USA TODAY US Edition
Wide open best-picture field may turn into a battle
Would a real Oscar front-runner please stand up?
With less than two weeks until the Academy Awards on Feb. 9 (ABC, 8 p.m. ET/5 PT), it has become painfully obvious who’s taking all the acting gold but not so much what’s going home with the big prize: best picture. This awards season has spread the love around, giving every major film contender a time to shine and every person in an Oscar pool a chance to chew on his or her nails.
Throwing other wrenches into the works: Best picture is voted on through a preferential ballot, where academy members rank their choices rather than just pick one winner, plus a voting body that is slowly getting younger and more diverse every year.
While one movie hasn’t risen to rule them all quite yet, some have been left in the dust. The racing drama “Ford v Ferrari” may win some technical awards but that’s it, the best chances for coming-of-age adaptation “Little Women” and divorce drama “Marriage Story” are in the screenplay categories, and the World War II satire “Jojo Rabbit” looms as a dark horse with key guild nominations but has yet to make a splash this season.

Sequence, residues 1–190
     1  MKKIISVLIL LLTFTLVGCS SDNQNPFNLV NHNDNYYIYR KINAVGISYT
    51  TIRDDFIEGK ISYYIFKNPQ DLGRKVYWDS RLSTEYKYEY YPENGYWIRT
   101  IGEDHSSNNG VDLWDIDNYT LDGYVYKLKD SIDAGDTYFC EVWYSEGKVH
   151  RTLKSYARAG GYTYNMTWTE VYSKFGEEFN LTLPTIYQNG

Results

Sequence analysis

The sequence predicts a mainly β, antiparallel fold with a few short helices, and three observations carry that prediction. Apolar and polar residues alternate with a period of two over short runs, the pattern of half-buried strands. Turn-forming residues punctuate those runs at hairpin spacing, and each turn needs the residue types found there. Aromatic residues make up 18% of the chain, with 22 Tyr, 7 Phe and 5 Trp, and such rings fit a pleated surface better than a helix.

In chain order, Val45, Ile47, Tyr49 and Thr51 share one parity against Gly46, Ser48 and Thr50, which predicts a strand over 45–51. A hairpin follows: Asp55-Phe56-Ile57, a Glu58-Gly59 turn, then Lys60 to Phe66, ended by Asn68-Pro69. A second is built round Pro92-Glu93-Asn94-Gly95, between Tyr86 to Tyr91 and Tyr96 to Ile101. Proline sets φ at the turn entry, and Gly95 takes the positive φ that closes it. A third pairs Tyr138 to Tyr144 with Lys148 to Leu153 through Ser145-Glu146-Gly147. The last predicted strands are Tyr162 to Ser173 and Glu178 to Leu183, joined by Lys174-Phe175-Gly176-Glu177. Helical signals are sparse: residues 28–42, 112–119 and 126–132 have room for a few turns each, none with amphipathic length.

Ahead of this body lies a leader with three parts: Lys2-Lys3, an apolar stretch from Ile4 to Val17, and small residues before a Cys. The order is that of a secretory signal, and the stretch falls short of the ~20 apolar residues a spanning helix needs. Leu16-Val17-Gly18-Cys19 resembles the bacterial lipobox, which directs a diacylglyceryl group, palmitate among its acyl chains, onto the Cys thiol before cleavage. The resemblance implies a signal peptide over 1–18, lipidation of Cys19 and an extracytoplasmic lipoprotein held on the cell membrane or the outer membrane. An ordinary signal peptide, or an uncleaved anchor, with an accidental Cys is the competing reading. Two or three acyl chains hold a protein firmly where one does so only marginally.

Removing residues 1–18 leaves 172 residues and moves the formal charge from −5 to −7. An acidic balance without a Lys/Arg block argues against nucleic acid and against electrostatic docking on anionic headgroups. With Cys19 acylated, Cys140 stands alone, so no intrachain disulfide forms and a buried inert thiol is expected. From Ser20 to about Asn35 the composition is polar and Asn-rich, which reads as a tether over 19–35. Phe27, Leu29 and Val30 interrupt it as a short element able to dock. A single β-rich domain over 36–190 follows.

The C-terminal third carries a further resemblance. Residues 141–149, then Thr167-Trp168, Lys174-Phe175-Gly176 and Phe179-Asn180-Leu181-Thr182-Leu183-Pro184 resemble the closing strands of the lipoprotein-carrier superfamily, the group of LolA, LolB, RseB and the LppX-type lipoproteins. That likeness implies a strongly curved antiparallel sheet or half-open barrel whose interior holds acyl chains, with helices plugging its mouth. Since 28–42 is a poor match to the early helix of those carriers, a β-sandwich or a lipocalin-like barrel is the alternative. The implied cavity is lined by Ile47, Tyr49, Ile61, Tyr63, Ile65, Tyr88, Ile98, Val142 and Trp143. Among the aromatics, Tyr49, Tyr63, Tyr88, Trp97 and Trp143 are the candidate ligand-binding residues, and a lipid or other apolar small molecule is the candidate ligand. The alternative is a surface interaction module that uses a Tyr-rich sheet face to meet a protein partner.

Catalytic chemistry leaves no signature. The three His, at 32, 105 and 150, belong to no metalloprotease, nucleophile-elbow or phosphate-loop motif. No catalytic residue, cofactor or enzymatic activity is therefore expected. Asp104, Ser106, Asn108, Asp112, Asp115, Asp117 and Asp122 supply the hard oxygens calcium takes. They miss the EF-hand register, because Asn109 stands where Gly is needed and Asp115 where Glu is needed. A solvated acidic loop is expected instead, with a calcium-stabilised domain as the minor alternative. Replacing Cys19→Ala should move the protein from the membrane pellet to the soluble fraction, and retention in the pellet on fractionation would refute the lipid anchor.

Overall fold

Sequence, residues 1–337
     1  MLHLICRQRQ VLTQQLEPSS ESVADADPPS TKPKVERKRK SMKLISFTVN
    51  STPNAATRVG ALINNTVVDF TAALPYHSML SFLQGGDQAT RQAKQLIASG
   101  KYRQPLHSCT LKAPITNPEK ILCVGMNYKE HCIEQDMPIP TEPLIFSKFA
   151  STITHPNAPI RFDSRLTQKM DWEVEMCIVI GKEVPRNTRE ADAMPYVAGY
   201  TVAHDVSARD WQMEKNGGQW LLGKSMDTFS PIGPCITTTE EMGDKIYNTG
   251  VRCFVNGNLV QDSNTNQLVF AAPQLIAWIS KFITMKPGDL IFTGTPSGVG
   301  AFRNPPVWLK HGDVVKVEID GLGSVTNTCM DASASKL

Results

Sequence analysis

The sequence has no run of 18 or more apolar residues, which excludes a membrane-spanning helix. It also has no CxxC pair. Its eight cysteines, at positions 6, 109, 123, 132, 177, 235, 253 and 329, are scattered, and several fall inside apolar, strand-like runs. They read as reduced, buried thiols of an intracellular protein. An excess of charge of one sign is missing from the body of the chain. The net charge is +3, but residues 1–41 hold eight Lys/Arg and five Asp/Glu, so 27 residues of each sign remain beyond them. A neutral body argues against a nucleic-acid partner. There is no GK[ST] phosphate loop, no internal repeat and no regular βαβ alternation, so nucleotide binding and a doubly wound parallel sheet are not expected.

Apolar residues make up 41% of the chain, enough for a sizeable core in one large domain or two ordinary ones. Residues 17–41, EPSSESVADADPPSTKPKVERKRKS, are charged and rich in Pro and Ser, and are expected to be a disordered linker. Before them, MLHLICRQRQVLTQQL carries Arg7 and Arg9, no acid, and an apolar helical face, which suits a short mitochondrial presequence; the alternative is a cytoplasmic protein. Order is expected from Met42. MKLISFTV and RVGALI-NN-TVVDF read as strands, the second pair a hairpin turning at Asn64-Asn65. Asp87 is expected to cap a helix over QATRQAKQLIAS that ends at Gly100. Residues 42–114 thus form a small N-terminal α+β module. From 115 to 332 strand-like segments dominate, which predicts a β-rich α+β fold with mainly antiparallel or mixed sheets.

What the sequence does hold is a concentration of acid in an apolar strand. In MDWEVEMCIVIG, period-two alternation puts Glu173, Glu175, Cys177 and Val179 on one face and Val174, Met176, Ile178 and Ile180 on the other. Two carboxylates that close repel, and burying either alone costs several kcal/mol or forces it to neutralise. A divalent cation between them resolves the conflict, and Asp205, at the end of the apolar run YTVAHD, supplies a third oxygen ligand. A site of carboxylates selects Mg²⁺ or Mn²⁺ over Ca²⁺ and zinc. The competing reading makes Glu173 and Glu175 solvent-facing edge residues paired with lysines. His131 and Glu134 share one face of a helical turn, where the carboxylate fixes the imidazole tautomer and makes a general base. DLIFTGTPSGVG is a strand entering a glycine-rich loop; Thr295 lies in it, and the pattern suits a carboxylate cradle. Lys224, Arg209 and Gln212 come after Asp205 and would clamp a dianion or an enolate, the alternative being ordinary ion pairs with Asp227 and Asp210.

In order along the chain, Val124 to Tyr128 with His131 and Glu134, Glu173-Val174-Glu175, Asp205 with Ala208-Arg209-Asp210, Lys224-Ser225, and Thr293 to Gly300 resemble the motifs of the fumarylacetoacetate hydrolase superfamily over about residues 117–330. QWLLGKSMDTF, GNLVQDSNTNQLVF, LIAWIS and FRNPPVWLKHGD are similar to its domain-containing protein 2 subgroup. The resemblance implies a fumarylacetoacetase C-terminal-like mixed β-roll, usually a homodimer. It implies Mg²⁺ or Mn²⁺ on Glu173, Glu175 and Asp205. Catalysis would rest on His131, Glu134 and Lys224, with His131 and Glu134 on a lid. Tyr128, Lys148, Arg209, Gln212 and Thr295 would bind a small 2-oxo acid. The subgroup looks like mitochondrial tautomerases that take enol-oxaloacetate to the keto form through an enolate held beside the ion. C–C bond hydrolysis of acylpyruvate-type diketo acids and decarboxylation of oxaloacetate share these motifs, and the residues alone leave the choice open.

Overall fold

Here are the five, though, with the right résumés to conquer the best-picture race on Oscar night:
The closest thing to a favorite is director Sam Mendes’ World War I thriller, about two British soldiers (George MacKay and Dean-Charles Chapman) racing to deliver orders in time to save 1,600 fellow military men. The film has had big wins at the Directors Guild Awards and Producers Guild Awards, the latter a strong predictor for the Oscars: The PGA honoree has gone on to win best picture 21 out of 30 times, including the
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